The Guardian 7 September, 2005
Readin’, writin’ and right-wing politics —
values teaching, Howard-style
The recent summit between invited "moderate" Muslim community leaders and government heavyweights was the perfect opportunity for Howard to lecture his guests on what will be taught in Islamic schools. "We have sought … advice from the Islamic community as to ways in which we can be totally satisfied that the appropriate denunciations and repudiation of terrorism occurs", the PM said afterwards. He also spoke of bringing an "Australian perspective" to the education of imams. The implication that Islamic schools are guilty of promoting terrorism until proven innocent is clear. In the process of whipping up more suspicion and intolerance, Howard has also given notice that his government will be laying down an even narrower and more conservative set of "Australian values" to be taught in all Australian schools.
Many Muslim community leaders are perplexed. What more can they do to get the federal government off their backs? Mohamed Hassan is Director of Victoria’s Minaret Islamic College and the Australian Council for Islamic Education in Schools. He points out that after September 11, his council prepared a charter condemning violence and undertaking to educate students to be "proud Australians and model citizens".
Noor Al Houda College in Liverpool, NSW, carries the following notice on the opening page of its web-site: "The Staff, students and parent body of Noor Al Houda Islamic College strongly condemn all forms of terrorism and call on the Muslim community leaders to provide clear and unequivocal leadership in countering all forms of extremism. The College is dedicated to ensuring that its graduates are exemplary Australians who live by the highest standards of integrity in a harmonious manner with their fellow citizens."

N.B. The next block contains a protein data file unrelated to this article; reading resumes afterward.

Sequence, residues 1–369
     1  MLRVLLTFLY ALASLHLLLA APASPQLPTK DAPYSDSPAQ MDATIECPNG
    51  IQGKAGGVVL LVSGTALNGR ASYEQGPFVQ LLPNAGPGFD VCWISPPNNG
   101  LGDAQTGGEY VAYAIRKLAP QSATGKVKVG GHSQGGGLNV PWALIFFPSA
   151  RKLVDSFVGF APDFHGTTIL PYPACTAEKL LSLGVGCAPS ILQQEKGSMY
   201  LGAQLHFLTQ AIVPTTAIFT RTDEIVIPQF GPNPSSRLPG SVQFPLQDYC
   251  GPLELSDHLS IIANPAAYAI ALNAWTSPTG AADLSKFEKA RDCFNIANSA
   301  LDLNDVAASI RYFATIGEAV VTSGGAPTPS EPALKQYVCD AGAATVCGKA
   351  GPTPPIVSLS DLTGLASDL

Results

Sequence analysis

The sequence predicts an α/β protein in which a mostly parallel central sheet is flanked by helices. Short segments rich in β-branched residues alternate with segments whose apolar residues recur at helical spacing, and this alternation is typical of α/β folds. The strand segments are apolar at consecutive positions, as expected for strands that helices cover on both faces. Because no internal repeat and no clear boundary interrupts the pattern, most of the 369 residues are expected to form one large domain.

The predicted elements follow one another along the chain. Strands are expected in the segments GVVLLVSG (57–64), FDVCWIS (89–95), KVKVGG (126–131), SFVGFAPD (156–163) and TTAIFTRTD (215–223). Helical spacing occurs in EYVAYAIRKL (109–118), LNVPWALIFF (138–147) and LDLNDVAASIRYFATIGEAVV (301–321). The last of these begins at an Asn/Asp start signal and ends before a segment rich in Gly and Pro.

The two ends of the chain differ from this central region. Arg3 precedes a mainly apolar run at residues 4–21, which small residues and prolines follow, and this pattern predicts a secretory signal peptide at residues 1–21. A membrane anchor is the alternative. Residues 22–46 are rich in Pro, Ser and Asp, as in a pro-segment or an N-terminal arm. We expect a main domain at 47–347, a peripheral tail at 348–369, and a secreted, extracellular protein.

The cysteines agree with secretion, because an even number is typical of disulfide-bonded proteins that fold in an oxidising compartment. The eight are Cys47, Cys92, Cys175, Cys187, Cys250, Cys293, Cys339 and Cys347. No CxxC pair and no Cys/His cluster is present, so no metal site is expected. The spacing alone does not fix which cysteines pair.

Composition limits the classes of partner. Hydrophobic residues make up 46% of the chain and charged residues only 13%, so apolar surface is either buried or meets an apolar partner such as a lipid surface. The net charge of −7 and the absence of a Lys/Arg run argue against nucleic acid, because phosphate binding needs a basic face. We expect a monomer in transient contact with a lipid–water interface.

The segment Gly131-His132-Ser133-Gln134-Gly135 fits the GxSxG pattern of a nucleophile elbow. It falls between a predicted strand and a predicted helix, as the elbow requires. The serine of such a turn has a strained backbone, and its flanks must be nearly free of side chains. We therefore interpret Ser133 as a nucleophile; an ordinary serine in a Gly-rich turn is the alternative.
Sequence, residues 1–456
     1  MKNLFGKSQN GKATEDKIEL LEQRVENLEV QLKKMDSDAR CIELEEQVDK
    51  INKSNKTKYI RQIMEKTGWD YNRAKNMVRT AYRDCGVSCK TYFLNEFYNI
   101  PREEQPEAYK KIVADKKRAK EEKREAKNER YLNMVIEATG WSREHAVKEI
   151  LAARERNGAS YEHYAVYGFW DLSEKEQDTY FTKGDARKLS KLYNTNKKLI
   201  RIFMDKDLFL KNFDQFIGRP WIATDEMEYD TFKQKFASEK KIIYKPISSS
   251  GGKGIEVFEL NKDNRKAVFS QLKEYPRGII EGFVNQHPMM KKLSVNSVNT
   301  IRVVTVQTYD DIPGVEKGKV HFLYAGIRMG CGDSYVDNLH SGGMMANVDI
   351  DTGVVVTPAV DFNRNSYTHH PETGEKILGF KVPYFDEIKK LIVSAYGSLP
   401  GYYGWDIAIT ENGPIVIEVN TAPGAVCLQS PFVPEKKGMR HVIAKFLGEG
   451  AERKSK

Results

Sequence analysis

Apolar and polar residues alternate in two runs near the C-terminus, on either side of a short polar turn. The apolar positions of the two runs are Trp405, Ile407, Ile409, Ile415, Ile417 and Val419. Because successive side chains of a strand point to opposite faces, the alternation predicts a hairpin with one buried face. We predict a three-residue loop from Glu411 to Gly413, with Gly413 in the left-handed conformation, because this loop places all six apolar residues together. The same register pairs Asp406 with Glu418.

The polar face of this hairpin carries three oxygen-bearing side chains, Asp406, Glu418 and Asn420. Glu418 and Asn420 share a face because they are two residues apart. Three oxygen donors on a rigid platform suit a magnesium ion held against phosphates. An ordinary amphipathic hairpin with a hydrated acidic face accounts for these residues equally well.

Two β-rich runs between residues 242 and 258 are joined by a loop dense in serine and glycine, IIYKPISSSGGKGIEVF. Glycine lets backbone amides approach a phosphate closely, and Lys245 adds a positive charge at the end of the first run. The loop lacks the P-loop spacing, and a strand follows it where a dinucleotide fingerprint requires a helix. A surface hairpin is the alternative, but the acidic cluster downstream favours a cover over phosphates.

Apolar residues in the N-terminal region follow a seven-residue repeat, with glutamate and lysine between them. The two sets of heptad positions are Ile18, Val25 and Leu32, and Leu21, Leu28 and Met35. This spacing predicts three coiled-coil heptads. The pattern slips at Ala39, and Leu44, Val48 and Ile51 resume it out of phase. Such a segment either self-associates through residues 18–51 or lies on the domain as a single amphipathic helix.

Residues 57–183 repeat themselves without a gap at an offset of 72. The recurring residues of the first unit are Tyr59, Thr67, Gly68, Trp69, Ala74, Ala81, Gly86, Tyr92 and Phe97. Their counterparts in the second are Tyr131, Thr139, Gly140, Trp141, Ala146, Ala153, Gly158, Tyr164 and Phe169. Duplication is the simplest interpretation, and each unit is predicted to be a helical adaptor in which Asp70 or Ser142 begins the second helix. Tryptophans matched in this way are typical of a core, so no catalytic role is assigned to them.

Bill Daniels, Executive Director of the Independent Schools Council of Australia, reminded the media last week that Islamic schools must meet the same requirements for registration and funding under the same state and territory regulations as any other independent schools. This includes "a commitment to the national values framework", which already stipulates flying the national flag and teaching the federal government’s current brand of "Australian Values".
Accept "core values" or "clear off"
Education Minister Brendan Nelson has foreshadowed that kids in Muslim schools should be taught about Australian WW1 hero Simpson, who famously laid down his life for his comrades while carrying wounded soldiers to safety on the back of his donkey.
The minister is suggesting in the most patronising manner that, without this sort of example from Australian military history, Muslim students will not learn the value of sacrifice and working in the interests of others. "We want them to understand our history and culture, the extent to which we believe in mateship and giving another person a hand up and a fair go … And basically, if people don’t want to accept and adopt and teach Australian values then they should clear off."